Over the last two years I've travelled across Minnesota to talk and listen about the future of our state. Lots of people are discouraged by our state government's failure to take action and find solutions to today's tough challenges. They are looking for leadership focused on more jobs, better schools and affordable health care. They want to build a world-class transportation system and a clean energy economy.
I know that there's a better way. We've shown in Minneapolis that we can make progress, create jobs, and get action to create real change. We've strengthened our economy, improved public safety, and streamlined city government. Most importantly, we've restored a sense of hope and shown that even in the toughest times we can do great things when we come together.
I know that together we can build a better and more prosperous Minnesota for now and for the future. But I also know that this won't happen unless we work to make it happen. I am ready to go to work, and I hope you're ready to join me.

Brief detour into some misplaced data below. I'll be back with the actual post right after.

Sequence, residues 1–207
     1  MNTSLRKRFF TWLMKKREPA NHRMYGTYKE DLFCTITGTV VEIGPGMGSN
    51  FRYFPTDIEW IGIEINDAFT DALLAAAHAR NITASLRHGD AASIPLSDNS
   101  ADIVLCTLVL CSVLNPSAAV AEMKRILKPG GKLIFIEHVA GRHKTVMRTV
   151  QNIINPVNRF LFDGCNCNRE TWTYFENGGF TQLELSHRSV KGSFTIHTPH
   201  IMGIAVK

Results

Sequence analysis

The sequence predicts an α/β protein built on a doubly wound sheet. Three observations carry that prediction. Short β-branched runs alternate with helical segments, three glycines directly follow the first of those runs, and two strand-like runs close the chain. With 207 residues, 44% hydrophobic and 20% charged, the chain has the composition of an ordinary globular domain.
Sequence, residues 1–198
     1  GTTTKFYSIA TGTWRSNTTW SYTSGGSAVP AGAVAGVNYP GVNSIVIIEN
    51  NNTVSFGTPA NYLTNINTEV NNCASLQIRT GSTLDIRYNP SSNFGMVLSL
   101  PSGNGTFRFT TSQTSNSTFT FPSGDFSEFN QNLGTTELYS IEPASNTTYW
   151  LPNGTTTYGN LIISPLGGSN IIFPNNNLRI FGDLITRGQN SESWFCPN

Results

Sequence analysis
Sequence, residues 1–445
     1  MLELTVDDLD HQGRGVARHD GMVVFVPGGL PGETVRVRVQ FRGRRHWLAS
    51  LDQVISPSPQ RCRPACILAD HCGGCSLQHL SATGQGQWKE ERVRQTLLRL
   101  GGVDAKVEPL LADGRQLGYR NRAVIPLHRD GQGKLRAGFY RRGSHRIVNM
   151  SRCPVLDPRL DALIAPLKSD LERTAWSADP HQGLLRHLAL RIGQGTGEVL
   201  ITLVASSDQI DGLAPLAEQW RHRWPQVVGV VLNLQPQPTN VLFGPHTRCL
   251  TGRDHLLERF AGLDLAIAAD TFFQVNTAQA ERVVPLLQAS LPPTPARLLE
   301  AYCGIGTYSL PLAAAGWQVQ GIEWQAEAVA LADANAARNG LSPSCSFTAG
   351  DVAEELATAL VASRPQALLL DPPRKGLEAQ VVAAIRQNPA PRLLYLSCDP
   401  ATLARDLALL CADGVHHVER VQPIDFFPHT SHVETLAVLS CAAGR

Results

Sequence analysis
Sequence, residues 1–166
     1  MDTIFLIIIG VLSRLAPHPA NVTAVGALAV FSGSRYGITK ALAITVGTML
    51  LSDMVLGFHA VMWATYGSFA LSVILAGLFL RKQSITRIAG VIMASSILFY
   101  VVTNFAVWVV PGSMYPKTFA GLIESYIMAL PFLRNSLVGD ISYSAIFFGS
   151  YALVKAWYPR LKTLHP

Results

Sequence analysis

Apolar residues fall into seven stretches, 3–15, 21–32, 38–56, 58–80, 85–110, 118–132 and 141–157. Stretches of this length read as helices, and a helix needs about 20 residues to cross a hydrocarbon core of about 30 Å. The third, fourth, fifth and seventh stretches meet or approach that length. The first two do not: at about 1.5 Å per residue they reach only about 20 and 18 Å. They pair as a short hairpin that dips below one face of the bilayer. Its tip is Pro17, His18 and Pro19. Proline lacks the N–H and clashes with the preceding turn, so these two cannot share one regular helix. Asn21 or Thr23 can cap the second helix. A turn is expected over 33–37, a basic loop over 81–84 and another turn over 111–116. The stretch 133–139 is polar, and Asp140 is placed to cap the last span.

Filing these papers is the first step in the process of setting up the Rybak for Governor campaign. In the weeks ahead, we will be building a grassroots campaign to take our message to every corner of the state. I will be in touch about how you can get more involved, and to ask for your help.
Rybak jumped into the race on the same day that the Campaign Finance Board met privately to discuss a complaint against him. Deputy state Republican Party Chair Michael Brodkorb says the Campaign Finance Board told the party that it would meet to discuss the GOP complaint. Republicans allege that Rybak violated campaign finance laws by not formally declaring his candidacy earlier. They say he wanted to avoid the appearance of running for governor while he was campaigning for re-election as mayor.
Update: Julie Hottinger, a spokeswoman for Rybak's campaign, said this about the timing of the filing:
"The timing of filing the Governor's committee with the Campaign Finance hearing was purely a coincidence, and we're confident that the Mayor's Campaign has followed the rules."